Secondly, DKT effectiveness was more notable in patients with improvements in lower gastrointestinal symptoms score who had no impairment in the SF-8 mental component summary prior to treatment.
Daikenchuto treatment has proven to be effective option in managing symptoms related to constipation in patients with certain conditions like pregnancy, Parkinson’s disease and stroke.
Additionally, studies have shown that daikenchuto effectively treats constipation and abdominal pain or bloating. These studies however, do not have enough evidence to back them.
This present study is considered the first from the Asian region to demonstrate the usefulness or efficiency of daikenchuto in improving the overall treatment efficacy and symptoms related to constipation.
Animal studies suggested that daikenchuto improves gastrointestinal motility via four major mechanisms. These mechanisms include : activation of TRPA1 channels, promotion of motilin secretion and activation of TRPV1.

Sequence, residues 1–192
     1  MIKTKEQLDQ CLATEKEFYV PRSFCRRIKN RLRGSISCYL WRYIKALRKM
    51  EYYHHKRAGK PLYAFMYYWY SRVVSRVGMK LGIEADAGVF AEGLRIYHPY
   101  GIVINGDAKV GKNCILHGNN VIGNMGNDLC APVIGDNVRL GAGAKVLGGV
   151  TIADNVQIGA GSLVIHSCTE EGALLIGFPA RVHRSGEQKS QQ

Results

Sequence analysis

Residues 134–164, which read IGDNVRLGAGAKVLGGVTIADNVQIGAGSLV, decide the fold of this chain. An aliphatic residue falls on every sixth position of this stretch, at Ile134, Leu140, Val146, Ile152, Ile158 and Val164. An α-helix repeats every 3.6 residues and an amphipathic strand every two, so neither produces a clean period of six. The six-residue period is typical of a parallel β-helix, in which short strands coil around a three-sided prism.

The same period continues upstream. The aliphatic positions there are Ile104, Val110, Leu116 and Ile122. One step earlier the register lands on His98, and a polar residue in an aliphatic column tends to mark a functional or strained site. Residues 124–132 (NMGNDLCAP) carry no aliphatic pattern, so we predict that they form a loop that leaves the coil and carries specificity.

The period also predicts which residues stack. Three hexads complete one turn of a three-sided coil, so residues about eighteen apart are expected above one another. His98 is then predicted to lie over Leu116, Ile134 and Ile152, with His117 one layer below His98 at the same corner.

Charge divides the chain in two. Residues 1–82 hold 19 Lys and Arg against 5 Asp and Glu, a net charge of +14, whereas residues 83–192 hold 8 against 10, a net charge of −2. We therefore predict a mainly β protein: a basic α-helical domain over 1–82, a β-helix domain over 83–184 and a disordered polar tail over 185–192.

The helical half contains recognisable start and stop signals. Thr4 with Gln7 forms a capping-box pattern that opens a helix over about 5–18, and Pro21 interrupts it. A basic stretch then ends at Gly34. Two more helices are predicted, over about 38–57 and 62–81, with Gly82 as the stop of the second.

Hydroxy-α sanshool which is a component of daikenchuto is assimilated or absorbed and gets to the colon through the blood. It exerts a motility enhancing effect on the colon by blocking the KCNK9 channels.
Daikenchuto, a Japanese herbal medicine, has shown to be a safe and effective treatment modality for chronic constipation and its associated symptoms which include abdominal bloating and pain.
In addition to chronic constipation, daikenchuto can also be used to treat abdominal bloating and pain caused by other conditions such as irritable bowel syndrome and Crohns disease.